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Hyland Law Firm, LLC July 13, 2012

On behalf of Hyland Law Firm, LLC posted in Kansas Divorce Attorney on Friday, July 13, 2012.

Hypothetically speaking, say that you are on the brink of a divorce. Your wife is making you super angry and you've just about had it. Out of frustration, you send her a "threatening" text message, perhaps telling her you are going to take her for all she's worth. While at the time it seemed like a good idea to ruffle her feathers a bit, you may end up regretting this decision later on. Nowadays, courts have to constantly catch up with the advent of new technologies, and as such, are frequently facing questions of the admissibility of new forms of evidence, such as how to deal with text messages, emails, and even information rendered from GPS tracking device applications - now available on many of today's most popular cell phones.

Within the past ten years, text messaging has hit an all-time high, becoming one of the most popular forms of communication available today. In essence, nearly 2 billion text messages are sent back and forth across the US each day. So, how are Missouri family courts dealing with admissibility questions related to text messages? Here's how:

  1. When a text message is called into question, Missouri family courts usually allow the person who received it to testify, pursuant to a physical transcript of the messages, as to his or her recognition of the phone number as that being from the one who sent it, the context of the message as probative of the sender's identity, and its recognition of the phone number associated with the sender of the text messages.

  2. If a transcript of the cell phone messages are not available, either the sender or the recipient's cell phones can be admitted by the court, pursuant to the line of questioning identified above.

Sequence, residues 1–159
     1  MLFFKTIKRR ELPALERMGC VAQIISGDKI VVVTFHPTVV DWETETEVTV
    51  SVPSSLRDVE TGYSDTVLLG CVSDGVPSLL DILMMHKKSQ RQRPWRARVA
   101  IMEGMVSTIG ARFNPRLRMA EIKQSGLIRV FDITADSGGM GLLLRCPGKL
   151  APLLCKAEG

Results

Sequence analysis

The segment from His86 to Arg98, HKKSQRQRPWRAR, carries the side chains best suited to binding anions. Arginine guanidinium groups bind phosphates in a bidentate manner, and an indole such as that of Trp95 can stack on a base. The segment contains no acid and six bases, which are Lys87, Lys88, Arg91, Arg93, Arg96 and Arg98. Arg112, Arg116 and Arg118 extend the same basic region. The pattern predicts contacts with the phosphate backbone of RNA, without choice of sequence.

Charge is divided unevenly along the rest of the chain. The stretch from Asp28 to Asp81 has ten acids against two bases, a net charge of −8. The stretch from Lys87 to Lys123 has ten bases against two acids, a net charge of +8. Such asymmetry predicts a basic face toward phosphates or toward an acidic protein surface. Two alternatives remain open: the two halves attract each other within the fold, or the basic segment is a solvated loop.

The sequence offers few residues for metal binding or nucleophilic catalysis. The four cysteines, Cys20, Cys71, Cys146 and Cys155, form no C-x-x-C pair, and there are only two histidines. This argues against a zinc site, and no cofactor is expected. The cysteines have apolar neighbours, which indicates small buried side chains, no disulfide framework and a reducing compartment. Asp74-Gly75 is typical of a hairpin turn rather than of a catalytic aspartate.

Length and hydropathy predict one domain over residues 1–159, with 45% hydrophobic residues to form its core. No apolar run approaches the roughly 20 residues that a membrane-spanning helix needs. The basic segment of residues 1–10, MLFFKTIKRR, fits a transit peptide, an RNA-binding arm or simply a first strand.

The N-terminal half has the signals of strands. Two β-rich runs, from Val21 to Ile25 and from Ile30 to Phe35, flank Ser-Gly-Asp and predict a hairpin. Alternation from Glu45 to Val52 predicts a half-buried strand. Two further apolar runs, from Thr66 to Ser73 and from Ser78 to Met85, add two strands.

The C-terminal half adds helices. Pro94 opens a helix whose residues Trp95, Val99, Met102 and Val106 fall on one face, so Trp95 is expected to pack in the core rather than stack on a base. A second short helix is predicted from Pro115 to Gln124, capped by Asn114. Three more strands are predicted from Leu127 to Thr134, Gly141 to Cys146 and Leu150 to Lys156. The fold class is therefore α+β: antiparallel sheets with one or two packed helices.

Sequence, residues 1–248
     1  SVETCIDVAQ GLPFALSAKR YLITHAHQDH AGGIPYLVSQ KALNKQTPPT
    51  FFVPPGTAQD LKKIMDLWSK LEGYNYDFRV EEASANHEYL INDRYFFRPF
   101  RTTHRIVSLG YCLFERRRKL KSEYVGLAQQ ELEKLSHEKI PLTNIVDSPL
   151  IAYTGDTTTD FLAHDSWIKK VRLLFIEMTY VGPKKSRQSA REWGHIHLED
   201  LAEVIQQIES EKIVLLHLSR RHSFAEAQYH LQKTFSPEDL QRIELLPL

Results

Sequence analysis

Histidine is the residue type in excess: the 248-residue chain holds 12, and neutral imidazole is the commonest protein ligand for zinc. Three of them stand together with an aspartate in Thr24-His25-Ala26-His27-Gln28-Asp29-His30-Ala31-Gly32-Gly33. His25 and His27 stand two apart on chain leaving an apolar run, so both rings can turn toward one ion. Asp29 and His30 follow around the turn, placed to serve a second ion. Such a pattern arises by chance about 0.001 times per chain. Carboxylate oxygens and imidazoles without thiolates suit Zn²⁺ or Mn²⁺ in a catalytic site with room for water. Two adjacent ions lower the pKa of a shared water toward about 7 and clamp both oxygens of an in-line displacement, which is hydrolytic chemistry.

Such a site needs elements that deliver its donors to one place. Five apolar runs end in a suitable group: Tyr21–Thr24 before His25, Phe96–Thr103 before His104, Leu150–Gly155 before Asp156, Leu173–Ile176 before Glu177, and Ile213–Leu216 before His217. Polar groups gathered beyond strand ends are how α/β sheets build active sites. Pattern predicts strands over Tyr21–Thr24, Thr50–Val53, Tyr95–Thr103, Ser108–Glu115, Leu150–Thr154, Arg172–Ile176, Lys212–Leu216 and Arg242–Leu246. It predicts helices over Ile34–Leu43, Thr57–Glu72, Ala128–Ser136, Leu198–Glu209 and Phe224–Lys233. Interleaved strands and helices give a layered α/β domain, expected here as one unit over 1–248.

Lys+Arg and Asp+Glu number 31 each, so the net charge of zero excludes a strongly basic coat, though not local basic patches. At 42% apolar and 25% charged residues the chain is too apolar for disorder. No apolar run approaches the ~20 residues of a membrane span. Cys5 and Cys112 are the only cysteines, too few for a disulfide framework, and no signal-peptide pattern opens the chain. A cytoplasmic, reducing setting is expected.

3. An attorney in a Missouri family court can also cross examine the person who sent the messages, asking them as to their recognition of the text messages, whether they in fact sent it, and also, questioning them as to the context of the messages to show that they were the only one that had the knowledge necessary to be identified as the sender.

Given the aforementioned, what can you do?

  1. Moving forward, if you receive threatening messages from your spouse or ex-spouse, do not respond, no matter how enraging they may be. As established above, text messages can easily be used against you, so your best bet is to play it safe and not respond.

  2. If you have already received threatening text messages from your spouse or ex-spouse, be sure to save them, print them out, and give them to your attorney. If you need further information as to the proper procedures regarding same, it is best to call your cell phone company's tech support for more information. They are usually very helpful in guiding you as to the methods of storing and uploading messages so that they can be printed out at a later time.

  3. Contact an attorney, who can help guide you as to the best ways of mitigating any issues regarding questionable text messages you may have sent, or alternatively, how to assist you in using text messages against your spouse in a divorce proceeding.

For more information as to your rights and responsibilities regarding the admissibility of text messages in Missouri family courts, it is best to speak with an attorney experienced in handling Missouri divorce cases. Our skilled attorneys are available now to assist you in your divorce case, no matter what the issue. Give us a call now so that we can help you get what you deserve in your case.